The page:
Shoppers looking for things like Harry Potter games and Microsoft's Xbox hit the nation's malls at first light Friday as the Christmas rush began amid tight security and fears this could be the worst holiday shopping season in a decade.
In a scene played out across the country, 300 people lined up outside a Toys R Us store in Little Rock, Ark., before the doors opened at 6 a.m. Among the crowd was Elizabeth Phifer, who was in search of a Diva Starz pet plush dog for her 8-year-old daughter.
"I'm way back here at the end of the line and I'm nervous I'm not going to get it," said Phifer, who was lured in early by a $5 discount on the toy.
Shoppers seemed indifferent to increased security, which was stepped up to put consumers at ease about lingering in public places for fear of more terrorist attacks or anthrax scares. George Briggs didn't seem to notice any extra security at a Lincoln, Neb., mall.
"There's so many people you couldn't pick it out if it was here," Briggs said.
Many shoppers, nervous about job security and political uncertainties, said they plan to pare back their holiday spending.
"Normally I would just buy and buy, but because I don't have a job I'm cutting down," said Gwen Allen, 42, who was shopping in San Diego. "I'm trying to find as many bargains as I can. I've been looking for coupons in the papers and plan on using them."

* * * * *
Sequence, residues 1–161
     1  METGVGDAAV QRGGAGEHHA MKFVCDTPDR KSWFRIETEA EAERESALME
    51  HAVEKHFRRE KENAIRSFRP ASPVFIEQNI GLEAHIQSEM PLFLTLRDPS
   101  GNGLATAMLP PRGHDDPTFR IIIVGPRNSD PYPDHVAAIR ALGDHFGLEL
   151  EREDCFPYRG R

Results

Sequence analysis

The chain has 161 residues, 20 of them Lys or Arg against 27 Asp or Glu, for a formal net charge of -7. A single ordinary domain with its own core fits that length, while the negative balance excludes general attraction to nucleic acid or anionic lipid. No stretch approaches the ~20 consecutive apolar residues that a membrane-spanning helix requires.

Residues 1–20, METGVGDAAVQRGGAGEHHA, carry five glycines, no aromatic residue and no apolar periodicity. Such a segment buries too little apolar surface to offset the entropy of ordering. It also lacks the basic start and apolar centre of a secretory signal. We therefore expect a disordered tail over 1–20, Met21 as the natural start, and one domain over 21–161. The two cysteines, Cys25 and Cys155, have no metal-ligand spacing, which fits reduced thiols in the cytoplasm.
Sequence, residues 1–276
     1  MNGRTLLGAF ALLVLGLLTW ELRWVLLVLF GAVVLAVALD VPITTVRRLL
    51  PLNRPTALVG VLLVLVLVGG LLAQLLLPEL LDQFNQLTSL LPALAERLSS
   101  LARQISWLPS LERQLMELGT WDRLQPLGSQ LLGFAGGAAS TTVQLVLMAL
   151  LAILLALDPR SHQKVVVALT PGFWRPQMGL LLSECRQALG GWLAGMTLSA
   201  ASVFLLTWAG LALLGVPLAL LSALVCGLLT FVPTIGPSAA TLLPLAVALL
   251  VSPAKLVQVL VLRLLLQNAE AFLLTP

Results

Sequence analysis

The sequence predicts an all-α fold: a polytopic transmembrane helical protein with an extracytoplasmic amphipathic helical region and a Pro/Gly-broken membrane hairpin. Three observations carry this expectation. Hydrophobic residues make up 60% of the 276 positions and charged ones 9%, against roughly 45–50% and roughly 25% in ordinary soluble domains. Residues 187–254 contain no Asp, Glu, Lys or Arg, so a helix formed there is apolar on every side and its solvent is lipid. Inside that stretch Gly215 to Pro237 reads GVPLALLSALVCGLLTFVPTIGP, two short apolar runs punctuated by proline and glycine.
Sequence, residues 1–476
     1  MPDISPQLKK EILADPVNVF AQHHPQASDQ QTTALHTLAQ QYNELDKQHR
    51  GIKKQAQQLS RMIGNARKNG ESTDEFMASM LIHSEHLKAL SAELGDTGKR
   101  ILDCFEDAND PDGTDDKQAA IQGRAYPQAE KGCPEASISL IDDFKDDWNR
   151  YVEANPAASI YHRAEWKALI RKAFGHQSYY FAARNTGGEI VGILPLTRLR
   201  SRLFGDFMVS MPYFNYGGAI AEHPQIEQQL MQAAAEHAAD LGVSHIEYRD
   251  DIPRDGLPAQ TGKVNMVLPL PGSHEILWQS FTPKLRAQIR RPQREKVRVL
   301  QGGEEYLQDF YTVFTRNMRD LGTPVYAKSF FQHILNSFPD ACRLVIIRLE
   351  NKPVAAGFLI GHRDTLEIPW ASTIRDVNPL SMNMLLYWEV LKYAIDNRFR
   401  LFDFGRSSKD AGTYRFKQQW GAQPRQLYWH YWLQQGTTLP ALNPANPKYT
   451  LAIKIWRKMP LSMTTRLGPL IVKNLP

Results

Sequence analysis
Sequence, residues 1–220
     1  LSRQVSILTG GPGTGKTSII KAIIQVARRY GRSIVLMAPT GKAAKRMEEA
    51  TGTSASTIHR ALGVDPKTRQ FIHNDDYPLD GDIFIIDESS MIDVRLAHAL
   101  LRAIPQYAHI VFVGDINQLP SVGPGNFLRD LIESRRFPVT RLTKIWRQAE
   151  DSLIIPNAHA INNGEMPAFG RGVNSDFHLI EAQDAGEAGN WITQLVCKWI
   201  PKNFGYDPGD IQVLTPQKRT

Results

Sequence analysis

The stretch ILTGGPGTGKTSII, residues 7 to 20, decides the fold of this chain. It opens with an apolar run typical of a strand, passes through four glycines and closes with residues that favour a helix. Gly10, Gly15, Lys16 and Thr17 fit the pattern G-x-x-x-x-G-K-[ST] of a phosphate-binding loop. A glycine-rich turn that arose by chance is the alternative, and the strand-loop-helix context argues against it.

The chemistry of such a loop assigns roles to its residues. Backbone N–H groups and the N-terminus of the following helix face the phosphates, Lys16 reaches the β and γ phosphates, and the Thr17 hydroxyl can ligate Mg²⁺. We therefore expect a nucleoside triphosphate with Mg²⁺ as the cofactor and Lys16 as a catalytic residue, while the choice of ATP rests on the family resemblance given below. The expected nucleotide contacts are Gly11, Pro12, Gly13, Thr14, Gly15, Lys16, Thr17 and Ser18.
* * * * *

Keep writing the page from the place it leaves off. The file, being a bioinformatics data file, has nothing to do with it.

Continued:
Analysts said there were deeper discounts this Thanksgiving weekend than last year. Many stores, including Sears and KB Toys, as well as mall operators like General Growth Properties, reported a heavier turnout of early morning shoppers than in past years.
Despite the strong showing, Wall Street analysts are nervously watching how the rest of the holiday season will play out. Retailers cut back on inventory in anticipation of slow sales, but fear there will be plenty of leftovers.
Jeff Feiner, managing director of Lehman Brothers, said he expects sales for the 22 major retailers he follows to be up only 2 percent for the holidays. And those gains will be driven by discounting and will come at the expense of profit margins.
The National Retail Federation predicts total holiday retail sales, excluding restaurant and auto sales, will rise 2.5 percent to 3 percent to about $206 billion. If so, that would be the worst retail performance since 1990, when sales were basically unchanged.
Last year, retailers rang up a modest $201 billion, up 3.9 percent from 1999.
E-commerce was expected to post gains, but only a fraction of those registered last year as consumers retrench amid rising job losses and the slumping economy.
At a Wal-Mart in Oklahoma City, Steve Estepp unloaded board games, Barbie accessories and kids' clothes from a packed cart into the back of his pickup truck.
"This is one stop of many," he said, then pointed to his wife Pamela. "We're going wherever she wants to go."